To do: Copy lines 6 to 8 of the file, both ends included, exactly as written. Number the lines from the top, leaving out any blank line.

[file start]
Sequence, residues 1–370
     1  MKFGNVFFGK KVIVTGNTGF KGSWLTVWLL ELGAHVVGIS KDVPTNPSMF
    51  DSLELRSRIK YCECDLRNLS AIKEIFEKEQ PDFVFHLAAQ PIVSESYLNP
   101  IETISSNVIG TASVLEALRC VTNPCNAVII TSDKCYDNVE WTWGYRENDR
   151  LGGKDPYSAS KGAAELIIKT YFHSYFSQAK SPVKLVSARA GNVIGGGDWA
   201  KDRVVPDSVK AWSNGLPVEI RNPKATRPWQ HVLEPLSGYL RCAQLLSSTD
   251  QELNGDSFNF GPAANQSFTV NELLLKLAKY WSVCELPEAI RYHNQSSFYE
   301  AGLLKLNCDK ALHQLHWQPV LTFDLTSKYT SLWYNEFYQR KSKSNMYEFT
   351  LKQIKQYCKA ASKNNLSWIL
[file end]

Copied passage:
   201  KDRVVPDSVK AWSNGLPVEI RNPKATRPWQ HVLEPLSGYL RCAQLLSSTD
   251  QELNGDSFNF GPAANQSFTV NELLLKLAKY WSVCELPEAI RYHNQSSFYE
   301  AGLLKLNCDK ALHQLHWQPV LTFDLTSKYT SLWYNEFYQR KSKSNMYEFT